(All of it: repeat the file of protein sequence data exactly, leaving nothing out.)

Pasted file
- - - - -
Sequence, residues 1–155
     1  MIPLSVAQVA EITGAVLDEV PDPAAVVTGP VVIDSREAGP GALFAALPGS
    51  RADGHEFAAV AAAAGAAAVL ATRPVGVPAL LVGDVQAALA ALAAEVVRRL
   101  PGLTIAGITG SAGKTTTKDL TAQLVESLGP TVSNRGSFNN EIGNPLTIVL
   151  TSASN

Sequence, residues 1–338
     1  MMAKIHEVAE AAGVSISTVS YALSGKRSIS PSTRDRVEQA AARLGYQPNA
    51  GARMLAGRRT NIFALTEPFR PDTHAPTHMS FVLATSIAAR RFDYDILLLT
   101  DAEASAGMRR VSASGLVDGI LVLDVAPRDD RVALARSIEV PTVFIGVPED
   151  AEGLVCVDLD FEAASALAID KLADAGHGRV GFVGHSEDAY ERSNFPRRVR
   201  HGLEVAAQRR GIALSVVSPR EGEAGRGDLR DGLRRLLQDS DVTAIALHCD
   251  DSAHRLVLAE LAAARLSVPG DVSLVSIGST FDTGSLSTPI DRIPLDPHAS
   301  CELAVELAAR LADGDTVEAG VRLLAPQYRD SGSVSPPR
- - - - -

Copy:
Sequence, residues 1–155
     1  MIPLSVAQVA EITGAVLDEV PDPAAVVTGP VVIDSREAGP GALFAALPGS
    51  RADGHEFAAV AAAAGAAAVL ATRPVGVPAL LVGDVQAALA ALAAEVVRRL
   101  PGLTIAGITG SAGKTTTKDL TAQLVESLGP TVSNRGSFNN EIGNPLTIVL
   151  TSASN

Sequence, residues 1–338
     1  MMAKIHEVAE AAGVSISTVS YALSGKRSIS PSTRDRVEQA AARLGYQPNA
    51  GARMLAGRRT NIFALTEPFR PDTHAPTHMS FVLATSIAAR RFDYDILLLT
   101  DAEASAGMRR VSASGLVDGI LVLDVAPRDD RVALARSIEV PTVFIGVPED
   151  AEGLVCVDLD FEAASALAID KLADAGHGRV GFVGHSEDAY ERSNFPRRVR
   201  HGLEVAAQRR GIALSVVSPR EGEAGRGDLR DGLRRLLQDS DVTAIALHCD
   251  DSAHRLVLAE LAAARLSVPG DVSLVSIGST FDTGSLSTPI DRIPLDPHAS
   301  CELAVELAAR LADGDTVEAG VRLLAPQYRD SGSVSPPR